Anti-Buzz: The IT Salesman

by Andrew Emmott on August 28, 2012

in Anti-Buzz,General

Are you sensing a salesman theme? This week is a bit different: more practical and more opinionated. This week I’m talking about actual salesmen and your actual experience in dealing with them.

As our motivating example, let’s start with the worst offender in terms of predatory IT salesmanship. I normally don’t shy away from naming companies or products, but I’m normally not so unilaterally critical of an organization. Let’s just say that there is a large retail chain with an in-house IT brand that gets its own commercials and its own custom-painted cars. We’ll call them Sleek Squad for their preference for style over substance. But let’s also be fair. We’ll broaden our scope, and say that Sleek Squad is any predatory IT service that serves the general consumer.

Sleek Squad’s ideal customer is the ignorant one. The less you know, the more services they can sell you, and the less willing you are to learn new things, the easier it will be to keep you as a regular. For example, they might charge you dozens of dollars to “back-up and transfer” all your old files to your new computer – which amounts to you paying some college freshman the equivalent of $120/hour for the five minutes it takes him to drag and drop some folders onto a thumb drive and then back on to your new computer. If you are this vexed by the activity of “backing-up” I will tell you that for a few dollars and a friend you can learn to do it yourself and end up +1 thumb drive in the process.

Sleek Squad’s favorite myth is that backing-up data is an arcane process. Copying data is approximately the easiest thing to do with a computer. Hollywood is annoyed that data copies too easily, not the other way around. A defining characteristic of the information age is that information is immortal. Sure, your office could probably use automation and an efficient recovery scenario, but if you are in your living room wondering about how best to back-up all those baby pictures, the answer is that you drag and drop them onto a thumb drive and call it a day, (There is, of course, the extra step of don’t lose the thumb drive, something that always seems to elude me).

Like any professional service, you may ask Sleek Squad for a house call. The alternative to a house call is to work through the problem yourself with the aid of a friend or professional who is in contact via phone or, worse, e-mail. There is definitely something more personal, immediate, and effective about having professional, in-person assistance, and there is nothing wrong with paying a premium for the real thing. However, the advantage to messing-with-it-yourself alternative is that in the process you are learning how to take care of things on your own.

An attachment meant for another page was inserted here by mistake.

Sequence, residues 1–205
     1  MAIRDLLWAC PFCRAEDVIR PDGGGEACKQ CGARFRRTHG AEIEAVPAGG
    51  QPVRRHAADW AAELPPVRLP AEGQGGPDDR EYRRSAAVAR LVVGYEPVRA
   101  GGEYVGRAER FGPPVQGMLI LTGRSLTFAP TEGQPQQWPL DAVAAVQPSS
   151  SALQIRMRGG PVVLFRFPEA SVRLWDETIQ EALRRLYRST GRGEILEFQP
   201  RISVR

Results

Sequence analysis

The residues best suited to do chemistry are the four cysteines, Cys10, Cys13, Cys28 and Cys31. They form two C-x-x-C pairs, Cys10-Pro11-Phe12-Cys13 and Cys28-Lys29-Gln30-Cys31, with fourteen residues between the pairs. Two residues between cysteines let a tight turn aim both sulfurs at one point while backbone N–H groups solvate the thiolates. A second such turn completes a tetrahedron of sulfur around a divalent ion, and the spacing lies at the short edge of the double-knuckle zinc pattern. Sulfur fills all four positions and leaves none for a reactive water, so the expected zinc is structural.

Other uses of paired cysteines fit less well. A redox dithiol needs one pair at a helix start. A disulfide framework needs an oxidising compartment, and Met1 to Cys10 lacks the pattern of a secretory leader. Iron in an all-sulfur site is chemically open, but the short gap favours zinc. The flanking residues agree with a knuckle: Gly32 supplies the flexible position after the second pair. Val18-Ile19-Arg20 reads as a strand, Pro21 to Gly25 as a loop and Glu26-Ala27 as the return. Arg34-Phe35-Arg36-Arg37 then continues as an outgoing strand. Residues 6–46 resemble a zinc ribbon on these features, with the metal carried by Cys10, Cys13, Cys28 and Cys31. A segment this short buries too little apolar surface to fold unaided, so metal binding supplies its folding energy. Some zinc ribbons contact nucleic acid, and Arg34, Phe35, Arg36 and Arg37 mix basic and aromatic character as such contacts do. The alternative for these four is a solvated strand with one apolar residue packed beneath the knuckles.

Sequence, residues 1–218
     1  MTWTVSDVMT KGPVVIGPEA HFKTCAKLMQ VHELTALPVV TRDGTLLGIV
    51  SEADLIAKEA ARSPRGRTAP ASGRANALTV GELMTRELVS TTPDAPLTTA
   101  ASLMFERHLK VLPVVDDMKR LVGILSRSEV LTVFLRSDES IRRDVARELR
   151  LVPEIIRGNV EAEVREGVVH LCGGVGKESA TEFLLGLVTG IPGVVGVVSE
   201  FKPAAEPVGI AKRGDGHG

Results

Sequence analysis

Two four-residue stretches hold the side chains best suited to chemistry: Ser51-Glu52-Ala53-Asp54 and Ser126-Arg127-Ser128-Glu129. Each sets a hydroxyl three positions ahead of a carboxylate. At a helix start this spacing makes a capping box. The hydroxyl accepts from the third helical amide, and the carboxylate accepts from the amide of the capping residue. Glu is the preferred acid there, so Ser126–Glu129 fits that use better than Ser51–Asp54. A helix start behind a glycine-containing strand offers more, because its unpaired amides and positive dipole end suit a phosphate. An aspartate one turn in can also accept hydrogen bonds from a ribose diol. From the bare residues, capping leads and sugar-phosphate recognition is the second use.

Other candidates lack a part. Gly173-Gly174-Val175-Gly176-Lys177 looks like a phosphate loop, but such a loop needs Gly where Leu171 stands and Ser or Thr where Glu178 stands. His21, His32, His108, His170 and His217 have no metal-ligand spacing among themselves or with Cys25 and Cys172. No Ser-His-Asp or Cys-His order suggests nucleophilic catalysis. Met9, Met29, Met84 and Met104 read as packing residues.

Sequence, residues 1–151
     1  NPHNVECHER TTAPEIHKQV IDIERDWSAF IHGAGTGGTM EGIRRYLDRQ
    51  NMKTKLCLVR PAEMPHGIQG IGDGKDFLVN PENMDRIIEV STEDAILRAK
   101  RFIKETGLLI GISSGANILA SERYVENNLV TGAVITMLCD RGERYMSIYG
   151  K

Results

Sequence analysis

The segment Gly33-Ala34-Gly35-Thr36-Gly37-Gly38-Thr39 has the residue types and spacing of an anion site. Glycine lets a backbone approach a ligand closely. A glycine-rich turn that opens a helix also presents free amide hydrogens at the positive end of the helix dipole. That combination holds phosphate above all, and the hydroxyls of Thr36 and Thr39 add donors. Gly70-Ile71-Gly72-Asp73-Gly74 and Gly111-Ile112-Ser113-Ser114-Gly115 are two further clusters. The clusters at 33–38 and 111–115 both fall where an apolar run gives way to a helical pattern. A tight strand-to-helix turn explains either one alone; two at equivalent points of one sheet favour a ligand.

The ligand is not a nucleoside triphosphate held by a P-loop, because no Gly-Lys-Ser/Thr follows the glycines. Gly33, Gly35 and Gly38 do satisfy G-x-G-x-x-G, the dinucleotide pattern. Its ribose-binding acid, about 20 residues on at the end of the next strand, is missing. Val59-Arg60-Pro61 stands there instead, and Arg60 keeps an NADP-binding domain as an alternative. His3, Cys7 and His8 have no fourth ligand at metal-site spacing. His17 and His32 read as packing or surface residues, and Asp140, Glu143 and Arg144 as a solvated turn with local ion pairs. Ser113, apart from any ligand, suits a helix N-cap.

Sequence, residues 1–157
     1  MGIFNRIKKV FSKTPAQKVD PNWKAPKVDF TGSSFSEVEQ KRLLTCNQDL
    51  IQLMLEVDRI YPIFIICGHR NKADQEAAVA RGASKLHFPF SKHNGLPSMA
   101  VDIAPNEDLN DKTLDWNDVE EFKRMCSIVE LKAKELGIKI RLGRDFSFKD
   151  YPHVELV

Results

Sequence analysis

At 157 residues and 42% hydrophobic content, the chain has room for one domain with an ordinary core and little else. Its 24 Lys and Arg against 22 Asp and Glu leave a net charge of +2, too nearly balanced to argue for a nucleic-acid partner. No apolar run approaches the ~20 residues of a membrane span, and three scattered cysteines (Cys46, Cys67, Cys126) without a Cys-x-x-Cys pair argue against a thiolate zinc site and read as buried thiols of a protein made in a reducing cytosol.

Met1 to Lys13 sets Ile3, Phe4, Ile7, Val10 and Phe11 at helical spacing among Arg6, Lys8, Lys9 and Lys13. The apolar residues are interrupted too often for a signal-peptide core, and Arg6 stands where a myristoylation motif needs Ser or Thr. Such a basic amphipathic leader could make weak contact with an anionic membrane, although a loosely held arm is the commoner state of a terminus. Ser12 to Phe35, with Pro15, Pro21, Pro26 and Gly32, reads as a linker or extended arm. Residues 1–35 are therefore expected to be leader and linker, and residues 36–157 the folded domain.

A helpful IT professional is no different than a helpful auto-mechanic or a helpful plumber. You are exchanging your money for their expertise. I suppose telling you to learn how to fix it yourself might sound like I’m telling you to learn how to fix all the plumbing in your house. However, Sleek Squad-style bulk consumer IT support sets your bar insultingly low. Imagine if the plumbing industry aggressively marketed the idea that you should be afraid to install your own garden hose. Please, call them to make sure it gets done right. In fact, don’t even go out and buy your own hose, buy their brand instead. Sleek Squad Plumbing, at your service.

You shouldn’t have to make registry edits, partition your hard drive, or use the command line if you don’t want to, but if you can’t set up a new printer or router, understand that you are paying someone a garden hose installation fee. You don’t know how to fix your plumbing, but you know how to use it. You don’t call a plumber when you need to fill up your ice tray. There is a big difference between not knowing how to fix your computer and not knowing how to use it, and the moment you are paying money to have somebody professionally use your computer for you, you are wasting your money.

Of course, I’m focusing on the worst, which is to say, I’m focusing on the general consumer service. In business, you have much larger and important problems, and even if you are savvy enough to do something for yourself, there is a point where it ceases to be in your job description. My assumption is that anybody reading this enjoys a partnership with honest, non-predatory IT service. I used the extreme example to help put perspective on your current IT situation; whether it reflects well on them or not is your call. It is unlikely you are the victim of the same sort of aggressive fear-mongering you get from Sleek Squad, but I will part with some red flags to look out for:

  • Are they unconcerned with explaining the problem to you? Conversely, do they overexplain the problem with jargon they know will confuse you? In general, if they implicitly expect you to trust them, but do not put the effort into filling you with confidence, they either have poor communication skills, (genuinely possible), or they are hoping to leverage your ignorance against you.
  • Do they solve problems, or do they sell problems? Certainly preventative counsel should be taken seriously, but if your IT service seems fixated on all the things you should be worrying about, there’s a good chance they are fear-mongering.
  • Do they lack alternatives? Not that you should suspiciously grill your support, but if they do, they might be behaving dishonestly. However, don’t be offput by higher-cost alternatives! That just means their modus operandi was to provide the less expensive solution.

by: at .

Share

Comments on this entry are closed.

Previous post:

Next post: